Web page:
The research, published in Letters in Applied Microbiology journal has found that strong black coffee has the ability to break down bacterial biofilms such as dental plaque.
The team at Rio de Janeiro’s Federal University cultivated biofilms on deciduous teeth, donated by children for research.
When the teeth were exposed to an extract of Coffea canephora, a coffee mostly grown in Vietnam and Brazil, there were signs that the bacteria had burst open or lysed.
Lead researcher, Andréa Antonio, from Rio de Janeiro’s Federal University, said: ‘We are always looking for natural compounds that can have a positive impact on dental health.
‘Whilst this is an exciting result, we have to be careful to add that there are problems associated with excessive coffee consumption, including staining and the effects of acidity on tooth enamel.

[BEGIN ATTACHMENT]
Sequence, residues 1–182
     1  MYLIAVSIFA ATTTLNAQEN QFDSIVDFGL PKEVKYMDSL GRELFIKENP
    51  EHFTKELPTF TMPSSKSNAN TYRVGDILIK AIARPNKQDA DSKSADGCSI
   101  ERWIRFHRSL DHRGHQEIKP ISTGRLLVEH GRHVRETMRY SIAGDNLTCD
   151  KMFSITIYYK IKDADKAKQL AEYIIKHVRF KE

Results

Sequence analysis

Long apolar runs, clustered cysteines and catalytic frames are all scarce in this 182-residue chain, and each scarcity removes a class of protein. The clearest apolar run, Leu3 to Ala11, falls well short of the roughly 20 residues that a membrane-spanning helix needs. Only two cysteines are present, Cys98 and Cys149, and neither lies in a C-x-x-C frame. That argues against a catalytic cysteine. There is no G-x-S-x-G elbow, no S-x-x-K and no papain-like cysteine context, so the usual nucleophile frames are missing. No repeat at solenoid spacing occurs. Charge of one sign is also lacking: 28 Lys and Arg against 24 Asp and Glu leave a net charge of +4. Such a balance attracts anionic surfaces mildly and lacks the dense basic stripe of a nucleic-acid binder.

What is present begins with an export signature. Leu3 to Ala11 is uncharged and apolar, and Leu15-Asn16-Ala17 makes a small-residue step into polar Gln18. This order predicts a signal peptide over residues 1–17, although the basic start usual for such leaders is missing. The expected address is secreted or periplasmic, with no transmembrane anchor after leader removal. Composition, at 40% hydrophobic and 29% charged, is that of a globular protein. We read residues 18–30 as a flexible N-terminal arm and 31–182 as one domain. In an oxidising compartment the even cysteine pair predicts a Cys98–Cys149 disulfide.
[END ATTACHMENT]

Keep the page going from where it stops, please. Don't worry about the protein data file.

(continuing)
‘And if you take a lot of sugar and cream in your coffee, any positive effects on dental health are probably going to be cancelled out.’
The Society for Applied Microbiology reported: ‘It is the polyphenol chemicals in coffee that damage the biofilm bacteria, but further research is required to determine this.
‘Ultimately, there could be a possibility of extracting just the useful chemicals to use, perhaps, in a mouthwash or toothpaste.’